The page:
Thu Nov 16, 16-18, Seminar room E123 (Minerva Building, Kaivokatu 12, Turku)

Grab them by the pussy: Fifty Shades Darker and the dominant white man in the age of Trump

Dr Anna-Elena Pääkkölä (University of Turku)

 

This debate raises issues surrounding two separate yet interrelated phenomena in popular culture today: Trump and emergent sexism, and the film Fifty Shades Darker (2017). While Fifty Shades has been considered a fairly harmless, soft-core sexual fantasy franchise similar to the Harlequin novels, its raging popularity during the 2010s raises questions as to why it became so popular so quickly. In 2016, secret recordings reveal then-candidate Trump referring to women in derogatory, sexist ways. At more or less at the same time, the trailer for Fifty Shades Darker shows a powerful white heterosexual man stalking a woman, audiovisually framed as a psychological thriller instead of a “rom-com” or a soft porn film. My presentation discusses the Fifty Shades franchise as a symptom of rising sexist attitudes in the sphere of popular culture, and what this tells us of the “crisis of masculinity” in present days circumstances.

 

Anna-Elena Pääkkölä is a university teacher and researcher in musicology at the University of Turku, who discussed the sounds of sadomasochistic erotica and in her PhD (Sound Kinks: Sadomasochistic Erotica in Audiovisual Music Performances, University of Turku, 2016). Her main research interests lie in popular music and culture, gender and queer studies, and audiovisual studies.

IIPC Debate 26 Oct

IIPC Debate #91
Thu Oct 26, 16-18, Seminar room Litzen, E117 (Minerva Building, Kaivokatu 12, Turku)

IIPC Visiting Professor Scott Henderson (Brock University, Canada): There’s No ‘E’ in Fuck: Language and Alliances in Saint-Etienne’s Music Scene

Scott Henderson is an Associate Professor and former Chair of the Department of Communication, Popular Culture and Film at Brock University. He is also the Executive Director and co-founder of the Popular Culture Association of Canada. His research focuses on issues of identity and representation in popular culture and he is currently investigating the changing nature of music scenes within post-industrial cities, including St. Etienne, France, Hamilton, Ontario, and Glasgow, Scotland. He is also co-editing, with Barry Keith Grant, a forthcoming collection on comics to film adaptation. He has published work on Canadian film and television, youth culture, film and popular music, British cinema, and Canadian radio policy.

IIPC Debate 6 Oct

IIPC Debate #90
Fri Oct 6, 10-11.30 am, Janus Hall (Kaivokatu 12, Turku)

Jeff Chang (Stanford University): Institutionalized: The Second Global Generation Of Hip-Hop Scholarship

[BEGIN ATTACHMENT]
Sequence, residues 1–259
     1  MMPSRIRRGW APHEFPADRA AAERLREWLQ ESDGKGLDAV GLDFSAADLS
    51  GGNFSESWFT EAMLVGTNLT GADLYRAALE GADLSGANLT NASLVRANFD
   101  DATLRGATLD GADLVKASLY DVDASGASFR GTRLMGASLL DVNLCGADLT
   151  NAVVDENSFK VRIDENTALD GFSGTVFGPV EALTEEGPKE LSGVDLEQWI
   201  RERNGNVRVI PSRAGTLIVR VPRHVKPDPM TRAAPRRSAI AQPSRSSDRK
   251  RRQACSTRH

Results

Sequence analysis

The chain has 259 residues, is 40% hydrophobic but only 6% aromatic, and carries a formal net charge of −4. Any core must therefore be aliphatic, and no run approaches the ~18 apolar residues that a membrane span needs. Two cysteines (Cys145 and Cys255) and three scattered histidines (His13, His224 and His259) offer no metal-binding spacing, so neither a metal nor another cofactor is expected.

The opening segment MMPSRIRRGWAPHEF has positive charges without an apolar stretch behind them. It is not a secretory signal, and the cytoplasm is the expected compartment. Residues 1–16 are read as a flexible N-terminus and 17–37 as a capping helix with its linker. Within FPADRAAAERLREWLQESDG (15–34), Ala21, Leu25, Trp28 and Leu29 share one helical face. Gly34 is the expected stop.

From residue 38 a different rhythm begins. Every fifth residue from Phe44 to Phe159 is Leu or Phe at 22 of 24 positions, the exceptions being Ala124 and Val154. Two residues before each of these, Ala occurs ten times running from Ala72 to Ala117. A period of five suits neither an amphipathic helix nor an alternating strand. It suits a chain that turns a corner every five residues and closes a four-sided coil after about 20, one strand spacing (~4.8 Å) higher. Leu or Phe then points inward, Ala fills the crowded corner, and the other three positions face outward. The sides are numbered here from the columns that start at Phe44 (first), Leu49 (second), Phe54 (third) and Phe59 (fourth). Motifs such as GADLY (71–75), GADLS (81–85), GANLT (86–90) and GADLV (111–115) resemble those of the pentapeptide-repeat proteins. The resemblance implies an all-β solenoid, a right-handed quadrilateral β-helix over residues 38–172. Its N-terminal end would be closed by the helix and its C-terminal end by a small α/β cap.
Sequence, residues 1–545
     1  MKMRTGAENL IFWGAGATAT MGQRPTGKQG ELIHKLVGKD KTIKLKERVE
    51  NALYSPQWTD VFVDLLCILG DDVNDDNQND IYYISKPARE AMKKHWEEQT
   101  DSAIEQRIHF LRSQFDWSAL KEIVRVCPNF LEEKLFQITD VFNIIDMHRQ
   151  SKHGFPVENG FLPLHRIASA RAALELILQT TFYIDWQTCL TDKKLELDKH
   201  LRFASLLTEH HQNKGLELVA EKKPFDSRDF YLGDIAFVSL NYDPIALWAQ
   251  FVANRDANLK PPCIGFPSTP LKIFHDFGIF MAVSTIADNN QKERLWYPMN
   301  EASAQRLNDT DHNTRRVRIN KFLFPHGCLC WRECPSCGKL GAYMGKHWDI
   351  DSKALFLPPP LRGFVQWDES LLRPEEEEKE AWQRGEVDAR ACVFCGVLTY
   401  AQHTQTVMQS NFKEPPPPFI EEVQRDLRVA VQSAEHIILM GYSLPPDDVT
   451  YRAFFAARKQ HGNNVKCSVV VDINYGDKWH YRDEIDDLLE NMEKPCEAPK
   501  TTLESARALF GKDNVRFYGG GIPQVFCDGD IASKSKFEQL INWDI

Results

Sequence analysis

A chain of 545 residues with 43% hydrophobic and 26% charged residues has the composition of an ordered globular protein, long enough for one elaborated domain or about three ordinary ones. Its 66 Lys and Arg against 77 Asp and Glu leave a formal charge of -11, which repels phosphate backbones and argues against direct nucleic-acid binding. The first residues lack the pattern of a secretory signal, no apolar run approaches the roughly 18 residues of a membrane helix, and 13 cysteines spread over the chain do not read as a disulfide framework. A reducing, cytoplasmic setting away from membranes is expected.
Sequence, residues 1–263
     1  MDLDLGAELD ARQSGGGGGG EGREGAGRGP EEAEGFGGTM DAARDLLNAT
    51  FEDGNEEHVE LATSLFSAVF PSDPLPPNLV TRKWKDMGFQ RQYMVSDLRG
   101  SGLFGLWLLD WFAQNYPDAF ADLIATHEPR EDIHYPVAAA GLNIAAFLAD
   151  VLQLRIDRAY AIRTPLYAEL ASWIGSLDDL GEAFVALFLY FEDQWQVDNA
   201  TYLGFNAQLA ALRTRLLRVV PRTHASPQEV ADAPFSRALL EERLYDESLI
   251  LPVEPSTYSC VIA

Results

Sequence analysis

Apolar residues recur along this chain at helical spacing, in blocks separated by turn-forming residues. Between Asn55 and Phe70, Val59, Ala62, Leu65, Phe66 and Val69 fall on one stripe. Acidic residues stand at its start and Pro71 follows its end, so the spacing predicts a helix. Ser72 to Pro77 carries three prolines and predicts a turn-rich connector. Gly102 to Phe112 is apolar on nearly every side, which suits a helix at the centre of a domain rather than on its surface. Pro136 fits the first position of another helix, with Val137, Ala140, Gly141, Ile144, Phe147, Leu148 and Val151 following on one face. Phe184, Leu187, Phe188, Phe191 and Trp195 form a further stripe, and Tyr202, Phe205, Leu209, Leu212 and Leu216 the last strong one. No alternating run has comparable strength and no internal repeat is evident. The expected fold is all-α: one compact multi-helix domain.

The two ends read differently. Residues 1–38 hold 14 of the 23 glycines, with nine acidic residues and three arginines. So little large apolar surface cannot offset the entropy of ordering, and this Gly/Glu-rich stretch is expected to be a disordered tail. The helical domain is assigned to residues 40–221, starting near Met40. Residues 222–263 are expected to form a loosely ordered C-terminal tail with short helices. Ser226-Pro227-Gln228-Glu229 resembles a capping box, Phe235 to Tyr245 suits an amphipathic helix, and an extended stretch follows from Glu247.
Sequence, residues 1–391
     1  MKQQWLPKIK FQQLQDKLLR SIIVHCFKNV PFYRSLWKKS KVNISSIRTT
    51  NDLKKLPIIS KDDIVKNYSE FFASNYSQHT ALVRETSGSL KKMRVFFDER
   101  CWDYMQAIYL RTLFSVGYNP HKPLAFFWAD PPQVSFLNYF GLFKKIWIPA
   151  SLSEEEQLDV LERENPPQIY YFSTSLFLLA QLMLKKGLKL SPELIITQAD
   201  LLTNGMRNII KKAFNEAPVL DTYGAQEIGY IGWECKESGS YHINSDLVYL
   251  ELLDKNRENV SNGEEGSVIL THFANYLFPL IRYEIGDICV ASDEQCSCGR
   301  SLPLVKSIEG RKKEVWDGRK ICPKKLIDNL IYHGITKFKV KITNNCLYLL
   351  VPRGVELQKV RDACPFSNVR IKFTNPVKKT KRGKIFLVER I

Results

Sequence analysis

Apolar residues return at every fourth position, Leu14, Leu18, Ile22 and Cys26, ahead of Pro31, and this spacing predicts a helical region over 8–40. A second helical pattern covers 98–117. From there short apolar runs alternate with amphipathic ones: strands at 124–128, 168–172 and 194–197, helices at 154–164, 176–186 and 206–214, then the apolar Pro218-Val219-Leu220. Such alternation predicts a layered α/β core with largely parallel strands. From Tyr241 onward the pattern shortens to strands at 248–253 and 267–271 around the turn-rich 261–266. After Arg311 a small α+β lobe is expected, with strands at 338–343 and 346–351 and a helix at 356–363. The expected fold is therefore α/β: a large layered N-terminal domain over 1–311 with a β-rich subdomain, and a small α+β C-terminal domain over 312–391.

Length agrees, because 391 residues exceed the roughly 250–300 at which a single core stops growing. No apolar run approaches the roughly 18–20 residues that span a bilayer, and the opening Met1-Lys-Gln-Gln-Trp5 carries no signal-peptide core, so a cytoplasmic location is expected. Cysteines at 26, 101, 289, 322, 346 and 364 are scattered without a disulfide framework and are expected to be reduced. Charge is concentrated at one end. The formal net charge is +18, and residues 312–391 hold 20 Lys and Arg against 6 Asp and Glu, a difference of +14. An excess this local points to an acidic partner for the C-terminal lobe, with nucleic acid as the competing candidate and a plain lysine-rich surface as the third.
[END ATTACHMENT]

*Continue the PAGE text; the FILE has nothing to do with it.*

Hip-hop scholarship was once thought to be an oxymoron. Artists were already organic intellectuals capable of speaking for themselves. The notion of a hip-hop academy had the stink of a morgue. But through pioneering journalistic, ethnographic, musicological, and critical work of thinkers like Tricia Rose, Greg Tate, David Toop, Mark Anthony Neal, and many others, hip-hop had found its way into the academy by the late 1990s. Now, as hip-hop scholarship spreads global, what are the critical questions that face the field? How might the second generation of scholars extend and transform hip-hop’s unique praxis?

 

Jeff Chang is a writer and cultural critic who has written extensively on culture, politics, the arts, and music. Chang’s first book, Can’t Stop Won’t Stop: A History of the Hip-Hop Generation, garnered many honors, and was also translated into multiple languages. His other publications, e.g. Who We Be: A Cultural History of Race in Post-Civil Rights America (2016) and his latest book We Gon’ Be Alright: Notes on Race and Resegregation (2016), have equally received critical acclaim. Chang serves as Executive Director of the Institute for Diversity in the Arts at Stanford University.

HIP HOP ECOLOGIES AND POLITICS

HIP HOP ECOLOGIES AND POLITICS
5-6 October 2017 – University of Turku

 

https://www.facebook.com/events/787407624717273/

Janus Hall, Artium building, Sirkkala campus (Kaivokatu 12)
THURSDAY 5 October 2017

10:30 – 10:45 Welcome: John Richardson & Inka Rantakallio

10:45 – 12:30 Session 1 Hip hop pedagogies
Friederike Frost Cypher: Space, Meaning, and Movement in Breaking
Hannah Tornesjö Toy
Kristine Ringsager The Contradictions of Rap as a Resource within the Danish Welfare State’s Integration
Project

12:30 – 13:30 Lunch

13:30 – 15:15 Session 2 Gender and politics
Charity Marsh Clear Lines: Powerful and Fierce Women in Hip Hop in Canada
Natalie Koutsougera ‘The Street can’t be Silenced’: Women and the Underground Rap Scene in Athens
Anna-Elena Pääkkölä Buns, Hun: On Race, Femininity, and Nicki Minaj’s Butt

15:15 – 15:45 Afternoon tea & coffee

15:45 – 17:00 Session 3 National and regional politics
Janne Rantala Rappers Challenging Official Memory in Mozambique with Political Ancestors
Dragana Cvetanovic … And What about Politically Engaged Rap in the Post-Yugoslav Region?

FRIDAY 5 October 2017

10:15 – 11:30 Keynote
Jeff Chang Institutionalized: The Second Global Generation of Hip-Hop Scholarship

11:30 – 12:00 Morning tea & coffee

12:00 – 13:15 Session 4 Ethnomusicology
Venla Sykäri Freestyle in the Ecology of Finnish Hip Hop: From Practical Reasons and Symbolic Value
to a Distinct Genre
Susanna Välimäki Environmentalism in Finnish Rap: An Ecomusicological Discussion

13:15 – 14:15 Lunch

14:15 – 16:00 Session 5 History, religion and spirituality
Antti-Ville Kärjä Finnish Rap before Finnish Rap
Inka Rantakallio Religion in Finnish Rap Music
Ibrahim Abraham Black Magic across the Black Atlantic: A Spiritual Ecology of Hip Hop

16:00 – 16:30 Concluding discussion and future plans